A hardwood variety like no other, teak wood has been used for centuries. A tightly grained wood, teak grows wild primarily in India and Indonesia. The worldwide demand for teak has created a growing business in the cultivation of teak trees. Large plantations have sprung up where teak is grown entirely for harvesting. Teak trees grew to heights in excess of one hundred feet. Slow growing and needing a good bit of spacing between trees, the worldwide demand for teak has driven prices higher each year.
Teak has physical properties that make it among the most popular of all the hardwoods. The hardness of teak makes it an easy wood to machine and finish. In addition to its tight grain pattern, the composition of the wood has other important advantages. The naturally occurring oils present in the wood gives teak the ability to withstand exposure to moisture. These properties make teak wood an excellent choice for outdoor and patio furniture.
The core of the tree, or the bole, yields a wood that is virtually free of knots. Wood that has few or no knots is referred to as clear. Contrary to what many folks have heard, teak trees do not grow in rain forest conditions.
Teak has been used for hundreds of years in shipbuilding. As late as the mid twentieth century, the decks of some of the worlds great ships were made of teak. The famous battleship, the USS Arizona, among many others, had teak wood decks. Sailors were assigned on an almost daily basis, to scrub and maintain the deck. Part of the work included the process of stoning the deck.
Holystoning, as it was referred in the old rocks and shoals British Navy, would require a piece of sandstone, rubbed briskly along the deck parallel with the grain. In the days of sail, a deck hand might do the work on his hands and knees. Other stone types might be used in conjunction with sand. The process of stoning would prevent the grain of the wood from raising or fraying. Though the use of teal oil is recommended by some, most shipboard teak decking was left to dry after being rinsed off.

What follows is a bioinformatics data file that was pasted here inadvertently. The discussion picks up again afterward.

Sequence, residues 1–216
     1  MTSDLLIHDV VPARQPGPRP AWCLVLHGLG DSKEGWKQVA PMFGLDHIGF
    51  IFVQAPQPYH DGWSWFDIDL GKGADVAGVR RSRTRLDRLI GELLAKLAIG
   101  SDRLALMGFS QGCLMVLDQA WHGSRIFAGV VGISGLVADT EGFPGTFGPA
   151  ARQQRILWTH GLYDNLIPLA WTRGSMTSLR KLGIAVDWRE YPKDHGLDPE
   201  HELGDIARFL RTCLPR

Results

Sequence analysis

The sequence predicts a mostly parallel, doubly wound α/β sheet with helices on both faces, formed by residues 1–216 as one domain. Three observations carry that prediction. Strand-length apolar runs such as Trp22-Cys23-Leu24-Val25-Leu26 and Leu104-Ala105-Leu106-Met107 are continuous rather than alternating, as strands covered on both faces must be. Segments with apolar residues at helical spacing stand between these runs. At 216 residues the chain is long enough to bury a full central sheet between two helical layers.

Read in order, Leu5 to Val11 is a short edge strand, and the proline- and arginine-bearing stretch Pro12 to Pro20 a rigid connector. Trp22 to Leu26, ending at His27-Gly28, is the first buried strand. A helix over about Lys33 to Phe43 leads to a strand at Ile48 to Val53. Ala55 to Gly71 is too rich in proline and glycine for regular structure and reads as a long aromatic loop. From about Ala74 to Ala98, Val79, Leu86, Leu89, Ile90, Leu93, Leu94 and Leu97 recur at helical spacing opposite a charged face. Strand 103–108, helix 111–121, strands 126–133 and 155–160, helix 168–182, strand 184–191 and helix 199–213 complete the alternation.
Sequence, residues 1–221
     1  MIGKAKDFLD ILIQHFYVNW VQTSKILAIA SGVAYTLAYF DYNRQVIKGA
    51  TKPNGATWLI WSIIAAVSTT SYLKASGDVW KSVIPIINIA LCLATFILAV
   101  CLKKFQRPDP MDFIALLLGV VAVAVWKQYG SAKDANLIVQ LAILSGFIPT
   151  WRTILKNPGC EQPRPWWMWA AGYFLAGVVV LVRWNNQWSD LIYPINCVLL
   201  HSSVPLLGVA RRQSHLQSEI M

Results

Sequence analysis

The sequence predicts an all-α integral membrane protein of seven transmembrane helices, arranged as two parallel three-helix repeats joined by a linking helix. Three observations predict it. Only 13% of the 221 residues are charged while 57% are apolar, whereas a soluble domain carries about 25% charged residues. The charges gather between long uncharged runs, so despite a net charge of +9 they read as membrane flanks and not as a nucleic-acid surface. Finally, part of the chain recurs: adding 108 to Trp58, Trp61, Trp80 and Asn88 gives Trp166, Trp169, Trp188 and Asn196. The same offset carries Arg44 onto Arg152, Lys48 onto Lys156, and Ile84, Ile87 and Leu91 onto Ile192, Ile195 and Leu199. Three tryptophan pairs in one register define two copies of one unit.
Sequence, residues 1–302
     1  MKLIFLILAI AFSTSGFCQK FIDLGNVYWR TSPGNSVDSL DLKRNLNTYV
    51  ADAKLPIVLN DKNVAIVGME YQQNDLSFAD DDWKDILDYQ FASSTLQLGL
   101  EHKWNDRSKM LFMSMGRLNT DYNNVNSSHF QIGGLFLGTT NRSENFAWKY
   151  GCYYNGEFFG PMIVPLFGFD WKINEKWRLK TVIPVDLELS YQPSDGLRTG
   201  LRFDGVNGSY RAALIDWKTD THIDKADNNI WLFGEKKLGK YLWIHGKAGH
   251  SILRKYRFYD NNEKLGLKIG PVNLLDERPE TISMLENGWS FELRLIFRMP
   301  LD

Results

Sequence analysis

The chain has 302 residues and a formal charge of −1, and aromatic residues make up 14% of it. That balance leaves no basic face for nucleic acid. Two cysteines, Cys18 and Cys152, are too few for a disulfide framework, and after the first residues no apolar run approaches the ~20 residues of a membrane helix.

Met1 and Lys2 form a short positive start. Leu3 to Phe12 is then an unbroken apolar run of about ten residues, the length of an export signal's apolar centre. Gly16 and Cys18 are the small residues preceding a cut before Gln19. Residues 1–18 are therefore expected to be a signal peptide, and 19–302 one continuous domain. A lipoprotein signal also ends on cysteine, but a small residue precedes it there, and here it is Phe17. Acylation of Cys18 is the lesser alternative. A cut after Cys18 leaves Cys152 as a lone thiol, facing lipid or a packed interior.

Today teak is still used as a deck surface for boats and ships, though not necessarily for the same purpose. The days of the great wooden sailing ships, teak was the first and only choice for use in decks. Steel decks would not start appearing until the days of steam ships. Teak was often placed over a steel deck as a way to reduce the absorption of heat from the sun. Early steel hulled ships did not have air conditioning below the weather decks and a layer of teak wood would act to reflect the heat of the sun.
On small boats and pleasure craft, teak is still used for decorative trim and in applications where metal is not very practical. It is common to treat teak with teak oil or other coating. This is done mostly for aesthetic reasons. The application of teak oil and other finishes help to reduce the amount of maintenance while imparting a beauty glow to the wood. Left unfinished, teak wood will turn to the color of grey ash, not unlike unfinished cedar.
There is a limited amount of naturally grown teak in the world. Burma, Laos, Thailand, and India account for virtually all of the natural teak. The demand for teak has caused prices to rise. Because of the growing demand for teak worldwide, there are attempts to grow teak trees elsewhere, especially South America. There is some disagreement over whether plantation grown teak wood has the same qualities as trees growing and harvested in the wild. With many species of plantation grown plants, attempts sometimes made to speed up the maturation process. Fooling with Mother Nature is not always advisable.
Teak wood is an excellent choice for any type of furniture application. Outdoor and patio furniture makers often opt for teak over other wood species such as cedar. The natural beauties of teak wood combined with its other unique properties make it a perfect material for outdoor furniture. Whether the wood is left to age naturally of is finished with oils or stains, teak furniture is renewable. With proper care, teak furniture can last a lifetime.
Furniture items are not the only outdoor accents made from teak. From planters to wind chimes, teak wood can be found alone or used in combination with other, durable hardwoods. Since teak wood is so long lasting and impervious to moisture, it is the ideal material for outdoor planters and other patio accents.
Teak garden and patio furniture is not cheap. A quality table and chair set can cost well over a thousand dollars. Though it is pricey, teak will last for years, far longer than outdoor furniture made from cedar or pressure treated pine.